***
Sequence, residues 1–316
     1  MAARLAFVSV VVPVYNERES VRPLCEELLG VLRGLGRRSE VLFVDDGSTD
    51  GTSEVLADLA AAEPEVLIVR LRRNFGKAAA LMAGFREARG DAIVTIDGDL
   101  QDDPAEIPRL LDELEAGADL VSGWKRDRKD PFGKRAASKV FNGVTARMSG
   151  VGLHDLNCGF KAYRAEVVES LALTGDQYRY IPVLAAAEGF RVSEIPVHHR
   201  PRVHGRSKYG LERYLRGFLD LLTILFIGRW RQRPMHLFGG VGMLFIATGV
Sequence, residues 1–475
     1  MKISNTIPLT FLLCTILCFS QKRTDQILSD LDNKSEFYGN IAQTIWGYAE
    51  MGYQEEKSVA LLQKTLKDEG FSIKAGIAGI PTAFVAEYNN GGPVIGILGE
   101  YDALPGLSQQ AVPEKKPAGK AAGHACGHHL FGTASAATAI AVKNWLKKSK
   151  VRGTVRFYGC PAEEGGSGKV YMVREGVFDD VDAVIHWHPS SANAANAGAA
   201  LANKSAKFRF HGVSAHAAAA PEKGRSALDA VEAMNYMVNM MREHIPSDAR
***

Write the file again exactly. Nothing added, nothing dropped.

Sequence, residues 1–316
     1  MAARLAFVSV VVPVYNERES VRPLCEELLG VLRGLGRRSE VLFVDDGSTD
    51  GTSEVLADLA AAEPEVLIVR LRRNFGKAAA LMAGFREARG DAIVTIDGDL
   101  QDDPAEIPRL LDELEAGADL VSGWKRDRKD PFGKRAASKV FNGVTARMSG
   151  VGLHDLNCGF KAYRAEVVES LALTGDQYRY IPVLAAAEGF RVSEIPVHHR
   201  PRVHGRSKYG LERYLRGFLD LLTILFIGRW RQRPMHLFGG VGMLFIATGV
Sequence, residues 1–475
     1  MKISNTIPLT FLLCTILCFS QKRTDQILSD LDNKSEFYGN IAQTIWGYAE
    51  MGYQEEKSVA LLQKTLKDEG FSIKAGIAGI PTAFVAEYNN GGPVIGILGE
   101  YDALPGLSQQ AVPEKKPAGK AAGHACGHHL FGTASAATAI AVKNWLKKSK
   151  VRGTVRFYGC PAEEGGSGKV YMVREGVFDD VDAVIHWHPS SANAANAGAA
   201  LANKSAKFRF HGVSAHAAAA PEKGRSALDA VEAMNYMVNM MREHIPSDAR